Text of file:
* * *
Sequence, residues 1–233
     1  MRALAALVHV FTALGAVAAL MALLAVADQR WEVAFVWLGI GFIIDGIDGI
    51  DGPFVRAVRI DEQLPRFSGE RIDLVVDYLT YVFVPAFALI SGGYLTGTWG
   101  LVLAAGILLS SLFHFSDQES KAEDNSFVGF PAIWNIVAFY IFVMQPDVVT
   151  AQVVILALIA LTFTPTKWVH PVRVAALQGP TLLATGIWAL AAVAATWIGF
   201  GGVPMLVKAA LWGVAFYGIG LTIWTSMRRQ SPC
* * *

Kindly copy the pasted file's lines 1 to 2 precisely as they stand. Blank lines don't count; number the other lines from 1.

Sequence, residues 1–233
     1  MRALAALVHV FTALGAVAAL MALLAVADQR WEVAFVWLGI GFIIDGIDGI